Searching over 5,500,000 cases.


searching
Buy This Entire Record For $7.95

Official citation and/or docket number and footnotes (if any) for this case available with purchase.

Learn more about what you receive with purchase of this case.

Jones v. Butler

United States District Court, C.D. Illinois, Urbana Division

August 18, 2014

ESMON V. JONES, Petitioner,
v.
KIM BUTLER,

OPINION

COLIN S. BRUCE, District Judge.

On March 17, 2014, this court received a Petition for Writ of Habeas Corpus Pursuant to 28 U.S.C. § 2254 by a Person in State Custody (#1) from Petitioner, Esmon V. Jones. Respondent, Kim Butler, Warden of Menard Correctional Facility, filed his Answer (#9) on July 15, 2014. Petitioner filed his Response (#11) to the Answer on July 25, 2014. Petitioner has also filed a Motion for Summary Judgment by Default (#3) and Motion to Request Counsel (#12). For the following reasons, Petitioner's Petition (#1) and motions (#3, 12) are DENIED.

BACKGROUND

Petitioner filed a Petition for Writ of Habeas Corpus Pursuant to 28 U.S.C. § 2254 by a Person in State Custody in Case No. 13-CV-2006 on January 14, 2013. On August 30, 2013, U.S. District Court Judge Michael P. McCuskey entered an Opinion granting Respondent's motion to dismiss due to Petitioner having failed to completely exhaust all of his claims in state court. Judge McCuskey dismissed the petition without prejudice, giving Petitioner leave to reinstate his petition within 60 days of the conclusion of his pending state court proceeding. Petitioner did just that when he filed this instant petition on March 17, 2014.

Motion for Summary Judgment and Motion for Counsel

Before addressing the claims made in Petitioner's petition, the court must first address Petitioner's Motion for Summary Judgment by Default (#3) and Motion to Request Counsel (#12). Petitioner filed his summary judgment motion on June 16, 2014. In his motion, Petitioner correctly notes that, on March 17, 2014, the court gave Respondent 60 days to respond to Petitioner's petition. As of June 16, 2014, Respondent had not responded. That next day, however, Respondent filed a Motion for Extension of Time (#6) to file his answer, which the court granted, giving Respondent until July 17, 2014, to file his answer. The Answer (#9) was timely filed on July 15.

The court denies Petitioner's Motion for Summary Judgment by Default (#3). Petitioner is arguing that Respondent's failure to respond to his petition within the statutory time frame should result in judgment by default being granted in his favor. Petitioner's motion is denied on this ground, as the Seventh Circuit has held that "[r]eleasing a properly convicted prisoner or imposing on the state the costs and uncertainties of retrying him, perhaps many years after the offense, is apt to be a disproportionate sanction for the wrong of failing to file a timely motion for an extension of time[]" and that "[t]his thinking informs the principle that default judgment is disfavored in habeas corpus cases." Lemons v. O'Sullivan, 54 F.3d 357, 364 (7th Cir. 1995). Here, Petitioner filed a motion for extension of time, albeit a month late, and did eventually file an answer within the time allotted by the court. For that reason, and the reasons expressed by the Seventh Circuit in Lemons, Petitioner's Motion for Summary Judgment by Default (#3) is denied.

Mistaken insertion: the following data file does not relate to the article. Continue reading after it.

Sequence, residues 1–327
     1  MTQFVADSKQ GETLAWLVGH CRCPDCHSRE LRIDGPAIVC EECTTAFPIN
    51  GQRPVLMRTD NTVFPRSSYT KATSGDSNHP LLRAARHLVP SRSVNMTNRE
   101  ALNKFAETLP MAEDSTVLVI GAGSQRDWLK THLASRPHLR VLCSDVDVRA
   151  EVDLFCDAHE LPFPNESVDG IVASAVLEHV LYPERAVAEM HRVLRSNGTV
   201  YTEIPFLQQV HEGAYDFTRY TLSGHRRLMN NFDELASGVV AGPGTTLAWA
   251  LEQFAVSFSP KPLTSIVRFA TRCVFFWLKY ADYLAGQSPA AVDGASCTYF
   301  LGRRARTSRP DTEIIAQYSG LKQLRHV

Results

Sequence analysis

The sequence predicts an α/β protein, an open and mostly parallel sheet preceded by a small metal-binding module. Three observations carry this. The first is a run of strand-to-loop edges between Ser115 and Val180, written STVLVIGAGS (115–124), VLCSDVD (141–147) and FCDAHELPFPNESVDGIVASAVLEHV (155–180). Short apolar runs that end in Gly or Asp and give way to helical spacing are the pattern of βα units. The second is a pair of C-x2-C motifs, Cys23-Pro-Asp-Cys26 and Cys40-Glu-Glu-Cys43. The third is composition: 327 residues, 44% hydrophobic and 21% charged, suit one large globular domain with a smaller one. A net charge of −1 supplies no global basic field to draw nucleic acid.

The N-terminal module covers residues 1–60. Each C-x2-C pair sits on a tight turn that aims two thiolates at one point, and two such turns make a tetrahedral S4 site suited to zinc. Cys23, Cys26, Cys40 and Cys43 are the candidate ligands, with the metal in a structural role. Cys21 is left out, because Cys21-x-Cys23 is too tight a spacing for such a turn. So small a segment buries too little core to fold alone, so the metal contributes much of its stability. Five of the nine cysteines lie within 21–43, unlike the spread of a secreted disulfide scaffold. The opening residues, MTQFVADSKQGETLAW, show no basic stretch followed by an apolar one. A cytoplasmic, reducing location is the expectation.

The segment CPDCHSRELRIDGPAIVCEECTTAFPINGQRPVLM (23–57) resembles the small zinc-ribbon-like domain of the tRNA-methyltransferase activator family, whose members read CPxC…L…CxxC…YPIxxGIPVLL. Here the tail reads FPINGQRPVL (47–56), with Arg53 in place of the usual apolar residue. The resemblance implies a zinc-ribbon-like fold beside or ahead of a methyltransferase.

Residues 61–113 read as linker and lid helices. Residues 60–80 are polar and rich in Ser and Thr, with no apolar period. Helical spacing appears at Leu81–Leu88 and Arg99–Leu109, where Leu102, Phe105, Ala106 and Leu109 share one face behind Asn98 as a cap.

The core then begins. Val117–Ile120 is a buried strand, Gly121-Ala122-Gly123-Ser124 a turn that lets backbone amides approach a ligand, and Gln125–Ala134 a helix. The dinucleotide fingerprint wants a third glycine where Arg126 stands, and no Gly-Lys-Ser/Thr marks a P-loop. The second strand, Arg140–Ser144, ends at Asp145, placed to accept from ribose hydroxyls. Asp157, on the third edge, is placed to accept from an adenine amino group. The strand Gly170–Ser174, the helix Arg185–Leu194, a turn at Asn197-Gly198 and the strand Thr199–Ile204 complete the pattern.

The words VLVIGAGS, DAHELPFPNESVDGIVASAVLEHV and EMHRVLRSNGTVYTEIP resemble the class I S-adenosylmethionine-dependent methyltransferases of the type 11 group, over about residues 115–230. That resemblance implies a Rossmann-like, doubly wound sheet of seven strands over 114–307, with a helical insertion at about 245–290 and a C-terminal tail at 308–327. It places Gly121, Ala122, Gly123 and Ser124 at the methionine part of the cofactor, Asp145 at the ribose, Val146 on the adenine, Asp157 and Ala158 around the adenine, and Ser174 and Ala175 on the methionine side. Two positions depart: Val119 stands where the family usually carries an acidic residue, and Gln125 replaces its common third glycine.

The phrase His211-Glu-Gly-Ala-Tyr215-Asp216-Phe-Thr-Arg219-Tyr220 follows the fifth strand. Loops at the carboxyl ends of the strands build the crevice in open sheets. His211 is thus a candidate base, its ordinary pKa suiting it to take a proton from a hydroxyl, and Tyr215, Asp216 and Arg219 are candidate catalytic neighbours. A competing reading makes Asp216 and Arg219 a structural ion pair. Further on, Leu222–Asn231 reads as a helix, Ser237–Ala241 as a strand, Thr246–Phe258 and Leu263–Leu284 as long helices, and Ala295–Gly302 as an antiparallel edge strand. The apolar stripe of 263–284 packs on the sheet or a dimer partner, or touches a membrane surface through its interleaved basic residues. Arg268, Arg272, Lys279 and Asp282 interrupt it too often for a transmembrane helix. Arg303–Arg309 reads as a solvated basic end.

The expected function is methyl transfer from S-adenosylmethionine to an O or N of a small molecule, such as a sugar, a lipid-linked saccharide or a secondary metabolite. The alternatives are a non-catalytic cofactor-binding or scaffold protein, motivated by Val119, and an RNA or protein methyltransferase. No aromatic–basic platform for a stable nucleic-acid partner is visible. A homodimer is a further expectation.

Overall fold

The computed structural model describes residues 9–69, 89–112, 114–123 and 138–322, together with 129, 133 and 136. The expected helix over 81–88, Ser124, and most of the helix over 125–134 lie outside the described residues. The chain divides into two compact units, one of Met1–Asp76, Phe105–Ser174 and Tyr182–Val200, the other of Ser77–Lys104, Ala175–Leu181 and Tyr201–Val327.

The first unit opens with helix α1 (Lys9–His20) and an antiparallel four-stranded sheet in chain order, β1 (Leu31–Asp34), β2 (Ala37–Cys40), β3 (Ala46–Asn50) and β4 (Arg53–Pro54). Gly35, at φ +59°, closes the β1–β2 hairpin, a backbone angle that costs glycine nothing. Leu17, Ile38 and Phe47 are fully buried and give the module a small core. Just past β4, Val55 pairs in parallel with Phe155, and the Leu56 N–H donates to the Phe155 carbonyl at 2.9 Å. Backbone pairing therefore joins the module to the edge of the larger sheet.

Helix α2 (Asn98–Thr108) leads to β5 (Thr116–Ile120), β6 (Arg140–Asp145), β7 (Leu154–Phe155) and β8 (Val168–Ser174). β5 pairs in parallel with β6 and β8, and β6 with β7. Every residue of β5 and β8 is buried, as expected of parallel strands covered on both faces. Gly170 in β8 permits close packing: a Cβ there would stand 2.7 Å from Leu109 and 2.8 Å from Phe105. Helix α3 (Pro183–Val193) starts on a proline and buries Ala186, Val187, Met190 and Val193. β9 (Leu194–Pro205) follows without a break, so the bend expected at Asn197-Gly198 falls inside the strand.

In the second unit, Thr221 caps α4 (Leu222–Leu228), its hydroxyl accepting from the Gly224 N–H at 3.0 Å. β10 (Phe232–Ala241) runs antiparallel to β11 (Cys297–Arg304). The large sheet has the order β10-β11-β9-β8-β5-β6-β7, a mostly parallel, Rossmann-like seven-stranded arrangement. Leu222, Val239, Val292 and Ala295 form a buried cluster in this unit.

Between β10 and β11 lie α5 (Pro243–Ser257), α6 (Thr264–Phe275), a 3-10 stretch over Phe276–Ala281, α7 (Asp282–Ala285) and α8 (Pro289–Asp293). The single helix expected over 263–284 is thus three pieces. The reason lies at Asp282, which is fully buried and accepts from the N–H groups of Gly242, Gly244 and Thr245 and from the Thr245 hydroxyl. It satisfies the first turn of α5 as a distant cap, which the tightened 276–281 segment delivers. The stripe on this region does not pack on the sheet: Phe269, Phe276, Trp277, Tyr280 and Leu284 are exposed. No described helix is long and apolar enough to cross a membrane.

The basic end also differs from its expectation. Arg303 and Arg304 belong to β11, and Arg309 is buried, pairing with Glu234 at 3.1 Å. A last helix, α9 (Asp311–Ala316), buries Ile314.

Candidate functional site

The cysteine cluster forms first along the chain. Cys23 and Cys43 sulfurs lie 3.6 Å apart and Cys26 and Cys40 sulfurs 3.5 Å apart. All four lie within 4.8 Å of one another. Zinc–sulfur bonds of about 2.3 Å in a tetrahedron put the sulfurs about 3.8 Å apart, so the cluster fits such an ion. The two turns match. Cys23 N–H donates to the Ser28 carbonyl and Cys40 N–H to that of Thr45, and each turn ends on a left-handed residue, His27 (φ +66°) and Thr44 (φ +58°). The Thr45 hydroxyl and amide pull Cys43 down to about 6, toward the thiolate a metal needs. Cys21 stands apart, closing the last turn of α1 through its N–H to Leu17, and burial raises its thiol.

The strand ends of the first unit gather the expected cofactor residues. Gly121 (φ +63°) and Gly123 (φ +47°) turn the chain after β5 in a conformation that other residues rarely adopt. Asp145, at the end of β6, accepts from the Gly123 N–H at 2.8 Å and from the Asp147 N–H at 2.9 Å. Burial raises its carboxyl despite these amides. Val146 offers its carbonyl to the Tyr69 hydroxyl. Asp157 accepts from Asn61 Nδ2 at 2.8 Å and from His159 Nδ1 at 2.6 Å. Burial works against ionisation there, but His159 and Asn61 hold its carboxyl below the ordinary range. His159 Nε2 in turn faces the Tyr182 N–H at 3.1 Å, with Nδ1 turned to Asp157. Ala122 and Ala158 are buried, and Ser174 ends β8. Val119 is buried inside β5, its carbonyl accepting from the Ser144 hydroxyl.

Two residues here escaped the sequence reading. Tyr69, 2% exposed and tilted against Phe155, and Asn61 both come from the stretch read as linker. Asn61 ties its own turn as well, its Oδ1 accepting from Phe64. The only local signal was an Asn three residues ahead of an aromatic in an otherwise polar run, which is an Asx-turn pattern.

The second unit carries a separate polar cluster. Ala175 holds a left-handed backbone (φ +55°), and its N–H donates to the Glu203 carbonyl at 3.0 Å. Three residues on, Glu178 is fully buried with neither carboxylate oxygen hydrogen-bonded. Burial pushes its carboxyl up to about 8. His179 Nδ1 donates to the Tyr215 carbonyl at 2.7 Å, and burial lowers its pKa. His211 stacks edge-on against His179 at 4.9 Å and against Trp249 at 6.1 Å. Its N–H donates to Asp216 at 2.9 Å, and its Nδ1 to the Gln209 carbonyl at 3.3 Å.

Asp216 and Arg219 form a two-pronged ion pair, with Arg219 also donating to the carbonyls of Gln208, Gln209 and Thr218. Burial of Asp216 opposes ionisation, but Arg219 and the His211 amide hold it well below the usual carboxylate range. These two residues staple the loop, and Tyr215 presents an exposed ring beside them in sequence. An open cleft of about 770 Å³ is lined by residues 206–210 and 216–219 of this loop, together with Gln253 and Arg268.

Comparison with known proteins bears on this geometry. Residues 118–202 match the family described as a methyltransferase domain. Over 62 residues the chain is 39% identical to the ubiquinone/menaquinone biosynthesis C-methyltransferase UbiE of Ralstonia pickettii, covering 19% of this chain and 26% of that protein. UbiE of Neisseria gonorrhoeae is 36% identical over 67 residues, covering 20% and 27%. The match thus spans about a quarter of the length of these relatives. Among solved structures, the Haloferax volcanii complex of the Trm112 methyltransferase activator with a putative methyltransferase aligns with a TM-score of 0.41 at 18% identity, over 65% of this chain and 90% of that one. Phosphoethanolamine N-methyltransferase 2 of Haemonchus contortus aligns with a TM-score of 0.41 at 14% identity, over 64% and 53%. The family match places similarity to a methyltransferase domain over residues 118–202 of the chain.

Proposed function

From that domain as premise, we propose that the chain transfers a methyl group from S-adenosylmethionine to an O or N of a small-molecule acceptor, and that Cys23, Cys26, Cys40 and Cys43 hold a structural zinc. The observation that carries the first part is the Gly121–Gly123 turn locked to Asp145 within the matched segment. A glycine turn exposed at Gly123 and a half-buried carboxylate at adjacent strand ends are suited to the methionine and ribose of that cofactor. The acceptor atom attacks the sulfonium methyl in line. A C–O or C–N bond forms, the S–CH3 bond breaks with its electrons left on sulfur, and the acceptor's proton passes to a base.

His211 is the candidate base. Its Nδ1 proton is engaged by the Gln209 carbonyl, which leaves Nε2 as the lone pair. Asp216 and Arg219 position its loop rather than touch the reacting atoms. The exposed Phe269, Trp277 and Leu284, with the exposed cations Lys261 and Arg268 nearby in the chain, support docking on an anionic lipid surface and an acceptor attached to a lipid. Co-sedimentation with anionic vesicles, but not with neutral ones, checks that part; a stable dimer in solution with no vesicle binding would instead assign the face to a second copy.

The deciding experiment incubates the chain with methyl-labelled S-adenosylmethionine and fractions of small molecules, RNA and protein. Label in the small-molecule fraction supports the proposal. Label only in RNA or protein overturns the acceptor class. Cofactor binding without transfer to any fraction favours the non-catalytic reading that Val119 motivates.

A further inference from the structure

Petitioner has also filed a Motion to Request Counsel (#12). Petitioner argues that the interests of justice require counsel to be appointed because the prison has been on lockdown and he has had limited access to the prison law library. The lockdown, Petitioner argues, has made it increasingly difficult for Petitioner "to properly converse with this court" and that appointed counsel could help him discover evidence he needs to advance his arguments concerning the state's withholding of evidence at trial. Petitioner further notes that he has no money to hire a lawyer.

The court finds that Petitioner's motion should be denied. In a habeas case, private counsel may be appointed for a financially eligible person whenever the court determines that the interests of justice so require. 18 U.S.C. § 3006A(a)(2)(B); Johnson v. Chandler, 487 F.3d 1037, 1038 (7th Cir. 2007). The decision on whether to appoint counsel is up to the sound discretion of the court in all but the most extraordinary of circumstances. Winsett v. Washington, 130 F.3d 269, 281 (7th Cir. 1997). "In exercising its discretion, the district court should consider the legal complexity of the case, the factual complexity of the case, and the petitioner's ability to investigate and present his claims, along with any other relevant factors." Hoggard v. Purkett, 29 F.3d 469, 471 (8th Cir. 1994). "Where the issues involved can be properly resolved on the basis of the state court record, a district court does not abuse its discretion in denying a request for court-appointed counsel." Hoggard, 29 F.3d at 471.

Here, having examined the issues presented by Petitioner and the state court record, the court believes the issues can be properly resolved on the basis of that record. Further, Plaintiff, through his multiple filings in this case, has demonstrated a thorough understanding of the issues in this case, which the court does not find to be legally or factually complex. While Petitioner argues that, at the current time his facility is frequently on lockdown, the nature of his petition and subsequent supporting briefs and motions demonstrate that Petitioner is able to satisfactorily investigate and present his claims. Petitioner's Motion to Request Counsel (#12) is denied.